GERD Home > More Medicines That Interfere With Prilosec
Prilosec can cause low blood magnesium (hypomagnesemia). Because certain diuretics can also cause this problem, combining Prilosec with one of these diuretics could cause severely low blood magnesium levels, which may lead to serious side effects such as muscle spasms, irregular heart rhythms, or seizures. Your healthcare provider may decide to monitor your magnesium levels periodically if you are taking Prilosec with one of these diuretics.
Prilosec may decrease the absorption of erlotinib, perhaps making it less effective. Your healthcare provider may recommend an alternative to Prilosec while you are taking erlotinib.
Prilosec may increase the level of escitalopram in your blood, perhaps increasing your risk of escitalopram side effects. Your healthcare provider may need to decrease your escitalopram dosage to prevent this drug interaction from occurring.
Prilosec can interact with some HIV medications. Depending on the medication, it could decrease the level of the medication in the blood (making it less effective) or increase the level (increasing the risk of side effects). Check with your healthcare provider before combining Prilosec with any HIV medications.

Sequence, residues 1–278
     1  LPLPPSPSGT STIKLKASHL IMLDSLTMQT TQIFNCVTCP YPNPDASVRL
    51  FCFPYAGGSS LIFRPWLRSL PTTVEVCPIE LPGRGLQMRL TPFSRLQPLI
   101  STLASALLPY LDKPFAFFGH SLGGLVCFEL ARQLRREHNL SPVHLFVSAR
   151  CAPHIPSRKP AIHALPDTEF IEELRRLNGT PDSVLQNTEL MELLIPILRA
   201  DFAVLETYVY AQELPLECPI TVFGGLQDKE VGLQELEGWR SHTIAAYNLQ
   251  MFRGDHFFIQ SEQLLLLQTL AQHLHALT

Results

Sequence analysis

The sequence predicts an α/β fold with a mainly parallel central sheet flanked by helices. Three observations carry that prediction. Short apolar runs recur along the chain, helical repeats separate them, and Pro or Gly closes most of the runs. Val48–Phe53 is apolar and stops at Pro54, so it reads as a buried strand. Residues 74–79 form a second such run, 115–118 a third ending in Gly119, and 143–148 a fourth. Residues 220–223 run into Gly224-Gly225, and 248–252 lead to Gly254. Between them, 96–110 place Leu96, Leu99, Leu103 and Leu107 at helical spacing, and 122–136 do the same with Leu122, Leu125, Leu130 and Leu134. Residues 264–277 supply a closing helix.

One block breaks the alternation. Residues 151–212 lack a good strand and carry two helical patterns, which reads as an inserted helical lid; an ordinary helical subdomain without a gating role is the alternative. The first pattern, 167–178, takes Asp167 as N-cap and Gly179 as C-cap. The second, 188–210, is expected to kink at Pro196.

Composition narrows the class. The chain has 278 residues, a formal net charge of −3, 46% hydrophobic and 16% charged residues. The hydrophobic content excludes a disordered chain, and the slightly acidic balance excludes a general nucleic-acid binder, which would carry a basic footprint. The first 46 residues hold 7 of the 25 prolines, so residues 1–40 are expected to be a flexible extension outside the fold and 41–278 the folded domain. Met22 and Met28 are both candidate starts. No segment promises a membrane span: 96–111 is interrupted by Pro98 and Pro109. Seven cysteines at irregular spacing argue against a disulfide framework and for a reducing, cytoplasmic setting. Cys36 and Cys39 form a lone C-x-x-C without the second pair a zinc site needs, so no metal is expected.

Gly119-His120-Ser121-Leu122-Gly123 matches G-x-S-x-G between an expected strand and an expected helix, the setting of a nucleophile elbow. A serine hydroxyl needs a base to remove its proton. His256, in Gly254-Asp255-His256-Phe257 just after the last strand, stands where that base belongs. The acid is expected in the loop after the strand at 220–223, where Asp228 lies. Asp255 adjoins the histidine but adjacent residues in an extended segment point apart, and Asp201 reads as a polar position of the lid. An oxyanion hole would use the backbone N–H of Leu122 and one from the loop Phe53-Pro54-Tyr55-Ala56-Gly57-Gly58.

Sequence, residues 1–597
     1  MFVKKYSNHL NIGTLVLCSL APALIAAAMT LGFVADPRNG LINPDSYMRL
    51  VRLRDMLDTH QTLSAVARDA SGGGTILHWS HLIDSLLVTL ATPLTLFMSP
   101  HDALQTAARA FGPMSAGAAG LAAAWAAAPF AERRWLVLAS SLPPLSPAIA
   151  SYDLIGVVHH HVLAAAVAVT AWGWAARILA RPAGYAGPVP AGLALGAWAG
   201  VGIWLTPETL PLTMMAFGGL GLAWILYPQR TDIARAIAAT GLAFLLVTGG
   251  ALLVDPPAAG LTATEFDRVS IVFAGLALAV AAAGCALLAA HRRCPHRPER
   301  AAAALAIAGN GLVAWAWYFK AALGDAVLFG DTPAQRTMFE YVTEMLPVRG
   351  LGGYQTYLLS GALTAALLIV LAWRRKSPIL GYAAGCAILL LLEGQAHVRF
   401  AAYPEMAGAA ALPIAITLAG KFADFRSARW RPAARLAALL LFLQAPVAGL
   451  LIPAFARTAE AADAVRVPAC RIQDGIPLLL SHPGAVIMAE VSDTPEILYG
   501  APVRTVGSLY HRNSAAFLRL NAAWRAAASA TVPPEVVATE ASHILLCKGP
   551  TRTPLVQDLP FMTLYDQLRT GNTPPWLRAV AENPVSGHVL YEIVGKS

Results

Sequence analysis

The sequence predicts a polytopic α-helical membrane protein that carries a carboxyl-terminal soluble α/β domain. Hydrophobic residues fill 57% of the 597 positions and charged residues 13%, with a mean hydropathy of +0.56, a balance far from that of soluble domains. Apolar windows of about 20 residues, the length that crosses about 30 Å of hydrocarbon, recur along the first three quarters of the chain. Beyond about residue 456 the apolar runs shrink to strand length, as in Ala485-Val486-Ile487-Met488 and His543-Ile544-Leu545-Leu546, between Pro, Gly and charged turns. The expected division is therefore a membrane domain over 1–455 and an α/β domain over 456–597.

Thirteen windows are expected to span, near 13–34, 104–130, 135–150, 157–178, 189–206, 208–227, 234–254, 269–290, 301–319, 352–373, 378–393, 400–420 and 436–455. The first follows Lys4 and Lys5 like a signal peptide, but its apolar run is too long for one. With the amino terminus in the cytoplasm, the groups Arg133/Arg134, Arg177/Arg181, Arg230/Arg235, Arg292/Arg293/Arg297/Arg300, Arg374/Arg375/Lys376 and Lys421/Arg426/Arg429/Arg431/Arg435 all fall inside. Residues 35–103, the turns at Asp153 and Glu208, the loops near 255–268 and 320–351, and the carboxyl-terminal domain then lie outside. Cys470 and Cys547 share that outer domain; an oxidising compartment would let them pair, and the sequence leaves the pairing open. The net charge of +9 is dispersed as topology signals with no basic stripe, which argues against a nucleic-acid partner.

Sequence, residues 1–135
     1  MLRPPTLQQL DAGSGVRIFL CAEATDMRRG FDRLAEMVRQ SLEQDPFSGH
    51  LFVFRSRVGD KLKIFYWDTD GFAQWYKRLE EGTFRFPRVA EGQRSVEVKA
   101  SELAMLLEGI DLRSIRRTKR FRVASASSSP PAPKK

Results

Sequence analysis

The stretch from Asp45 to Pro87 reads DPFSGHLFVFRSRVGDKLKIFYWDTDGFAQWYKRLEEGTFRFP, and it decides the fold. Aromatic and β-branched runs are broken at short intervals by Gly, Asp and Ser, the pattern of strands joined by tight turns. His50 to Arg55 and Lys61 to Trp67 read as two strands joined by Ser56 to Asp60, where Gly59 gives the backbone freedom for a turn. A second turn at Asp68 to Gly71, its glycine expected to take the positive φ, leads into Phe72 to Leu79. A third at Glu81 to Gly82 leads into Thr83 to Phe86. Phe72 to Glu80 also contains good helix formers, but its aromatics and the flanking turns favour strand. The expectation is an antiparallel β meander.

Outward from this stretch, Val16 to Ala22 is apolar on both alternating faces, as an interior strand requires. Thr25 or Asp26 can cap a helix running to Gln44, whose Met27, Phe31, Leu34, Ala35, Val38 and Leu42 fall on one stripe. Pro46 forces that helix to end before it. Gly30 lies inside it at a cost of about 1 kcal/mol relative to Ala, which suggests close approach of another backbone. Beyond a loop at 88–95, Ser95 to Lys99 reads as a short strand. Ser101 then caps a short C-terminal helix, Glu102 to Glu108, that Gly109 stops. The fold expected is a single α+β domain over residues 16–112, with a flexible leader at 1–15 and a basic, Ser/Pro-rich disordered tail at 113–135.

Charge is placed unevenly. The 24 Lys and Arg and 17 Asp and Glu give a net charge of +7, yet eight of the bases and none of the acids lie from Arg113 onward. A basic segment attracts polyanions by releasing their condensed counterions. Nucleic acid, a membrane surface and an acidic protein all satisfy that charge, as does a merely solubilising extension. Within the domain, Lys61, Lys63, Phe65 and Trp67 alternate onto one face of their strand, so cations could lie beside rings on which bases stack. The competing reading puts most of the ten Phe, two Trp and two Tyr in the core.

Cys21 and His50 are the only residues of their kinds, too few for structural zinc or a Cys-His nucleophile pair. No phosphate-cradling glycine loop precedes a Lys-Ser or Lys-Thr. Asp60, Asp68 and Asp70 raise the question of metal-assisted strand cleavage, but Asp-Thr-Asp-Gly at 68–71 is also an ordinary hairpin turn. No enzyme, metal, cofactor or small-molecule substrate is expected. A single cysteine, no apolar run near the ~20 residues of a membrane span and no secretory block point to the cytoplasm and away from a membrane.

Prilosec can decrease the absorption of iron supplements into your bloodstream, perhaps making them less effective. Your healthcare provider may need to increase your iron dose as a result.
Written by/reviewed by: Kristi Monson, PharmD;Arthur Schoenstadt, MD
Last reviewed by: KristiMonson, PharmD;
List of references (click here):
Prilosec [package insert]. Wilmington, DE: AstraZeneca Pharmaceuticals LP;2014 February.
Food and Drug Administration. FDA drug safety communication; low magnesium levels can be associated with long-term use of proton pump inhibitor drugs (PPIs) (3/2/11). FDA Web site. Available at: http://www.fda.gov/Drugs/DrugSafety/ucm245011.htm. Accessed March 17, 2011.
Clinical Pharmacology [database online]. Drug Interaction Report. Tampa, FL: Gold Standard, Inc.; 2010. Available at: http://www.clinicalpharmacology.com. Accessed March 17, 2011.
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